Key Points:

Embattled MP Taito Phillip Field is resigning from the Labour Party but will still give his crucial vote to the Government.

That means the Labour-led coalition will be able to rely on his support in close-run situations.

He has been expelled from the Labour Party caucus and said today he intended to return to Parliament as an independent MP, but would still support the Labour Government.

The MP who is under investigation by police for alleged corruption, told reporters this morning that he would now sit in Parliament as an independent.

At a media conference at the Centra Hotel, in his Mangere electorate, Mr Field would not be drawn on what he might do at the next election, saying it was "hypothetical".

He said: "This government may have abandoned and more lately condemned me but I owe it my constituents to not allow the damage to my personal reputation to compromise the inclusion of their votes and support for a Labour government.

"I was elected by the Mangere constituents as a Labour candidate upon a Labour platform and policies, and in line with that mandate I offer my proxy to the Labour Government."

He thanked Labour Party president Mike Williams for his support but said the increasingly damning language of Prime Minister Helen Clark had been grossly unfair to him and the due process.

National Party Leader John Key said Helen Clark was now reliant on a "grand coalition of the unwilling".

He said: "No matter how Miss Clark tries to paint it, her Labour Government now faces the prospect of being held to ransom by potentially unreliable political allies, as each attempts to extract their pound of flesh from the new dynamic.

"With four parties inside the tent, the Greens on the outside, and the angry Mr Field sitting on the backbenches, Helen Clark will be forced to do a head count on almost every issue."

Miss Clark and Mr Williams decided the MP had to go after he appeared on television and said he would contest the next election.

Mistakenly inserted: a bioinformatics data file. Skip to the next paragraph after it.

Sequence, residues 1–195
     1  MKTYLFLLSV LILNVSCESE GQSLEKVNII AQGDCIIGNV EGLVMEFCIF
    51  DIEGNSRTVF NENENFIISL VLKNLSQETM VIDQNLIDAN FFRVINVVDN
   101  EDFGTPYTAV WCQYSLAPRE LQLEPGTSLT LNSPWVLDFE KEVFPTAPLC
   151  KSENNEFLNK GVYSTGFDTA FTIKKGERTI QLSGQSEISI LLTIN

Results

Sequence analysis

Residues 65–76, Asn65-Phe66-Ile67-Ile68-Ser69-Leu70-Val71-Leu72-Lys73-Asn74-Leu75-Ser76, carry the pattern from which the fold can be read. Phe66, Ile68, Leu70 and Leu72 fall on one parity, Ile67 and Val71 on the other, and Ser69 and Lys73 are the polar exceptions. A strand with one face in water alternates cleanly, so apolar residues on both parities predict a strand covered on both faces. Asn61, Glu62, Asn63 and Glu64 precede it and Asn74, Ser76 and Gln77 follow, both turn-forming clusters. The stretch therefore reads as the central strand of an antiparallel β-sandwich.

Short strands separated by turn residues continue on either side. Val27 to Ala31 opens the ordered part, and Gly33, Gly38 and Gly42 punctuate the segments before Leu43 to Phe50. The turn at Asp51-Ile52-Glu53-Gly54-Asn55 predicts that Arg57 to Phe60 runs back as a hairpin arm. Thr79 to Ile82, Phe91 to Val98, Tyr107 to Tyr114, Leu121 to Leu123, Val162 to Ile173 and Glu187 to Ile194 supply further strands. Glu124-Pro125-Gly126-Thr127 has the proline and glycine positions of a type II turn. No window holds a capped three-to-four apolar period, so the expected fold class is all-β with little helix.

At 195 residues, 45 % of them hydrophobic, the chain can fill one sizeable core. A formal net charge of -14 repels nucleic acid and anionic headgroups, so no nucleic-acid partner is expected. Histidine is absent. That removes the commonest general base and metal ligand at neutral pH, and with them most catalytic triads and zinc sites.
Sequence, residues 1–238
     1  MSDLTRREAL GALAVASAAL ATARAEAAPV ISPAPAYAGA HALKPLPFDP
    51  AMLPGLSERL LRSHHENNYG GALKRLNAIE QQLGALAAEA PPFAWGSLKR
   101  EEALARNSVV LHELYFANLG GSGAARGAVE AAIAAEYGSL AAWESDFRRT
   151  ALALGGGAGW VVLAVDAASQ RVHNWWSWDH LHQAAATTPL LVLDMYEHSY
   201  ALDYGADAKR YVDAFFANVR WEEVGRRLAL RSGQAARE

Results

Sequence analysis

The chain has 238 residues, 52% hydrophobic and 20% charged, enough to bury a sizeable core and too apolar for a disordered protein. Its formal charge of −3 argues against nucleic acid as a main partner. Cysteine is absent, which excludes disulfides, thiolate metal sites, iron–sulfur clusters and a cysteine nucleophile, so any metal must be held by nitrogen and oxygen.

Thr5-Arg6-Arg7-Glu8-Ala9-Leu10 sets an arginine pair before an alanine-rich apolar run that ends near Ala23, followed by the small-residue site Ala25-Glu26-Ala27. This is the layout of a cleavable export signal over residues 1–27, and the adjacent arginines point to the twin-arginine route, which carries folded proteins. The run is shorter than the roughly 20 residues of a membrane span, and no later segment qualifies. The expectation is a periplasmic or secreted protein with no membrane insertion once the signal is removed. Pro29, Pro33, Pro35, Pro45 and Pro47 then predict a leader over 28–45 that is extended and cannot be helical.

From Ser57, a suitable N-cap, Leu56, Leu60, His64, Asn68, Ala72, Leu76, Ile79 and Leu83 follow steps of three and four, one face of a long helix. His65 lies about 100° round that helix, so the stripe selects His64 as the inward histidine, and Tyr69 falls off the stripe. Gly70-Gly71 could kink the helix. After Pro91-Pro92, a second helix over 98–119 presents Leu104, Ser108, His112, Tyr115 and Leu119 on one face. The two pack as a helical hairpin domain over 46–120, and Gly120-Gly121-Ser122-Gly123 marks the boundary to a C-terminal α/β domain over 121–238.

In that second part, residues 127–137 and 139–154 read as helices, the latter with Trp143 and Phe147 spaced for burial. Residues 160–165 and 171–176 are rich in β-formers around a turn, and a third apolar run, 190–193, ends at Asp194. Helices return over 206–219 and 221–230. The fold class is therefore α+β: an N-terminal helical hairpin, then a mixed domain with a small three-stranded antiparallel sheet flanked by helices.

They interpreted that as confirmation that he would stand against the Labour Party, a breach of the rules that warranted expulsion.

Mr Field later said he had been speaking hypothetically, and had not planned to leave the Labour Party.

The story so far

* September 2005 - Taito Phillip Field was accused of accepting cheap labour on his properties from people he helped with immigration.

* July 2006 - An inquiry by Noel Ingram, QC, cleared Mr Field of any conflict of interest as a minister.

* New allegations arose suggesting Mr Field or his wife misled either the Ingram inquiry or the Samoan Government.

* His former electorate secretary also claimed the Labour MP instructed someone to alter a Samoan birth certificate.

* August 2006 - Labour stands Mr Field down on full pay while the police investigate the allegations.

* Sunan Siriwan, the man at the centre of the allegations, spoke out from Samoa with claims that are vastly different from what he told the Ingram inquiry.

* Siriwan announces plans to file civil proceedings against Mr Field for not paying him for work done on the house in Samoa.

This week:

* Mr Field announces on Tuesday he will now talk to police as part of their corruption investigation.

Later that day Mr Field criticises the Labour Party in two interviews broadcast on TVNZ and TV3 in which he questioned the party's loyalty to him.

TV3 also reported that Mr Field had hinted off-camera he might take legal action against Helen Clark for labelling his actions "immoral" and "unethical".

* On Wednesday, Prime Minister Helen Clark writes to parliament's Speaker to inform her that Mr Field was no longer a member of the Parliamentary Labour Party.